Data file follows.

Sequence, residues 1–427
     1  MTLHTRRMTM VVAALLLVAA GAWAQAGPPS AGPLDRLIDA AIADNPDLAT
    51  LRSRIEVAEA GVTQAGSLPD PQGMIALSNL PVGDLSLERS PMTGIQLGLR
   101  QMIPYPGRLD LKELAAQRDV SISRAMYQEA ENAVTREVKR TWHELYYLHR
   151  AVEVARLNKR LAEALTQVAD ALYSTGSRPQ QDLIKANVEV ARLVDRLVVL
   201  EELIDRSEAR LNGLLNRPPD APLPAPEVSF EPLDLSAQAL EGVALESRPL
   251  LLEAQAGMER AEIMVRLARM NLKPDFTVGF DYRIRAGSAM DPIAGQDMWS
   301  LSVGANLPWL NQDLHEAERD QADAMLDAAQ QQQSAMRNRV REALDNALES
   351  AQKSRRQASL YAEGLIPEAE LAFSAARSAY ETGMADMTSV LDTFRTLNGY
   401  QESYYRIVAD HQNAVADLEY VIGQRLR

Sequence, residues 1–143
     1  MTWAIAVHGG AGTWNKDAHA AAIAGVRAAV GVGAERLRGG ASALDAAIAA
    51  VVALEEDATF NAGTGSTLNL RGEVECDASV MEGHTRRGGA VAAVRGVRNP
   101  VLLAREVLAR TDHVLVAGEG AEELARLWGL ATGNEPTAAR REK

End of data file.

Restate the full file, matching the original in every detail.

Sequence, residues 1–427
     1  MTLHTRRMTM VVAALLLVAA GAWAQAGPPS AGPLDRLIDA AIADNPDLAT
    51  LRSRIEVAEA GVTQAGSLPD PQGMIALSNL PVGDLSLERS PMTGIQLGLR
   101  QMIPYPGRLD LKELAAQRDV SISRAMYQEA ENAVTREVKR TWHELYYLHR
   151  AVEVARLNKR LAEALTQVAD ALYSTGSRPQ QDLIKANVEV ARLVDRLVVL
   201  EELIDRSEAR LNGLLNRPPD APLPAPEVSF EPLDLSAQAL EGVALESRPL
   251  LLEAQAGMER AEIMVRLARM NLKPDFTVGF DYRIRAGSAM DPIAGQDMWS
   301  LSVGANLPWL NQDLHEAERD QADAMLDAAQ QQQSAMRNRV REALDNALES
   351  AQKSRRQASL YAEGLIPEAE LAFSAARSAY ETGMADMTSV LDTFRTLNGY
   401  QESYYRIVAD HQNAVADLEY VIGQRLR

Sequence, residues 1–143
     1  MTWAIAVHGG AGTWNKDAHA AAIAGVRAAV GVGAERLRGG ASALDAAIAA
    51  VVALEEDATF NAGTGSTLNL RGEVECDASV MEGHTRRGGA VAAVRGVRNP
   101  VLLAREVLAR TDHVLVAGEG AEELARLWGL ATGNEPTAAR REK